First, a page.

Poet Feature: Billy Collins
As part of our celebration of National Poetry Month, we're featuring the work of a wide variety of poets, including Billy Collins!
Billy Collins was born in 1941 in New York City, but despite growing up in the big city, his poetry, as he describes it, is “suburban, it’s domestic, it’s middle class, and it’s sort of unashamedly that.” It's a style that's made Collins one of the most popular poets in America, though he wasn't an immediate success. Following graduation from the College of the Holy Cross, Collins went on to pursue graduate and doctoral degrees from he University of California-Riverside. His poetry first appeared in the late 70s and 80s, but he achieved little recognition as a poet until his collection Questions about Angels was released in 1991. This collection was chosen for the National Poetry Series and introduced Collins to a wider audience with which he immediately connected.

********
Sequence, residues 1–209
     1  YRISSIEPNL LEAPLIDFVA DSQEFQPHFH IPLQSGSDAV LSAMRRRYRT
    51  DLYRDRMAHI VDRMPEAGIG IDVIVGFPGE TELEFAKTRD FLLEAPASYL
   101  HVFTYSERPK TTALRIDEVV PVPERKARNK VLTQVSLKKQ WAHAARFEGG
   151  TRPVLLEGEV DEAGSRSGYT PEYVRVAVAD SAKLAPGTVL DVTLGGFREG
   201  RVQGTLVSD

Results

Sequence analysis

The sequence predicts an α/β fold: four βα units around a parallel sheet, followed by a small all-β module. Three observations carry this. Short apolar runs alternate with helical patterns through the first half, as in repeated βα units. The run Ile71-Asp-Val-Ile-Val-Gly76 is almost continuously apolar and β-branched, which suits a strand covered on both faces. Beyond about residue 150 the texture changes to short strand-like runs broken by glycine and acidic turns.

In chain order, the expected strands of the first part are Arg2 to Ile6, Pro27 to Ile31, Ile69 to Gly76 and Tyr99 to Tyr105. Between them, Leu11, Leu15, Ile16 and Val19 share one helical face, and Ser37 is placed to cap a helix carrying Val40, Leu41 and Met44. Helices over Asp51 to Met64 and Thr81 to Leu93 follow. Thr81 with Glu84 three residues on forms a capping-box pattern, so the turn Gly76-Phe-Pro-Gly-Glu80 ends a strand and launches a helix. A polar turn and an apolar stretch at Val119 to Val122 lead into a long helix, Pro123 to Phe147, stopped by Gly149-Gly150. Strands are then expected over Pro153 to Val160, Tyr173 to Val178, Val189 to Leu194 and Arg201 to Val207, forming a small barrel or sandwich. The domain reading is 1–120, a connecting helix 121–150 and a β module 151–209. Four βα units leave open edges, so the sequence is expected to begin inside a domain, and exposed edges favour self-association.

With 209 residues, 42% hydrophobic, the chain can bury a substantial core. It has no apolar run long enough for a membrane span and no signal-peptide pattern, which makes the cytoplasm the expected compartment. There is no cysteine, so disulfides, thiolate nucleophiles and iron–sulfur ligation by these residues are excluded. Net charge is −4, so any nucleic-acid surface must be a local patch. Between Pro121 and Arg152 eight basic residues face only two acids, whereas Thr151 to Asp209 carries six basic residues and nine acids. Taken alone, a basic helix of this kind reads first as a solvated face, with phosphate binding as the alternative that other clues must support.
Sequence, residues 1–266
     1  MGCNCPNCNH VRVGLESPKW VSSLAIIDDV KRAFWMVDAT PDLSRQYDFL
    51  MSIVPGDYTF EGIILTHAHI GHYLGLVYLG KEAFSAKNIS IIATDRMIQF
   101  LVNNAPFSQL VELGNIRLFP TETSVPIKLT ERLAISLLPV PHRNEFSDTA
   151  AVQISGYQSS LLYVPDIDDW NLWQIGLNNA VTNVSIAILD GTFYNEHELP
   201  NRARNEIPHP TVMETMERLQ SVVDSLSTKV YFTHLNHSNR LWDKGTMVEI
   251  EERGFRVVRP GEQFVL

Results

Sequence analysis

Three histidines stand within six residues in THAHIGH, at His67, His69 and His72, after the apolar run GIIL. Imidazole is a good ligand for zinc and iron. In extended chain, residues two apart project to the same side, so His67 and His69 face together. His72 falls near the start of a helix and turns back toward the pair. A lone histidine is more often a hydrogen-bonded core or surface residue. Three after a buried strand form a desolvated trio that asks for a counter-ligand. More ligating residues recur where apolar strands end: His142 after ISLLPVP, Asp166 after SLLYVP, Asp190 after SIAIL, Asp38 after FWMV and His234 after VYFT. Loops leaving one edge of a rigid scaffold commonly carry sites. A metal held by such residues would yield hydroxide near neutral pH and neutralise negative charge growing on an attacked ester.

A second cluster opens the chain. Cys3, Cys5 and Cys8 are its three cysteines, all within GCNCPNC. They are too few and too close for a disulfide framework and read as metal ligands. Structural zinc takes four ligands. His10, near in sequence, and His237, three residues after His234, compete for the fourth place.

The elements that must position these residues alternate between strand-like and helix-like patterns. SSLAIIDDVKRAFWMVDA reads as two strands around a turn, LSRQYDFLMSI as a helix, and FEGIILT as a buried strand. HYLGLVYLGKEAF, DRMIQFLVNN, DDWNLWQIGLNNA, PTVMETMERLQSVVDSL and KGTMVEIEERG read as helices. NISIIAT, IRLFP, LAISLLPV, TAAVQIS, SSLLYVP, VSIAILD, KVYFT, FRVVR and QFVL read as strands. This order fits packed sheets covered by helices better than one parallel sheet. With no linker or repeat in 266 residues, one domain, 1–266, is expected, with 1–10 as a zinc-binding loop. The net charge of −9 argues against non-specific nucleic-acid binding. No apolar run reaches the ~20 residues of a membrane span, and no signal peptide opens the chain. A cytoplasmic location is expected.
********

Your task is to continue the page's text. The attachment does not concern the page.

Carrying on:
From that point on, Collins achieved something approaching rockstar status in the usually sedate world of poetry. His readings regularly sell out well in advance, and his new collections are eagerly awaited by thousands of fans. His work combines humor, wit, and keen observations of both the external world and human nature.
Fellow poet Richard Howard noted that Collins “has a remarkably American voice…that one recognizes immediately as being of the moment and yet has real validity besides." That voice earned Collins two terms as the US Poet Laureate (from 2001 to 2003), after which he went on to serve as the New York State Poet Laureate from 2004 until 2006. He was also asked to compose a poem to commemorate the victims of the September 11th terrorist attacks. The result, a poem entitled "Names" was presented at a joint session of Congress in 2002.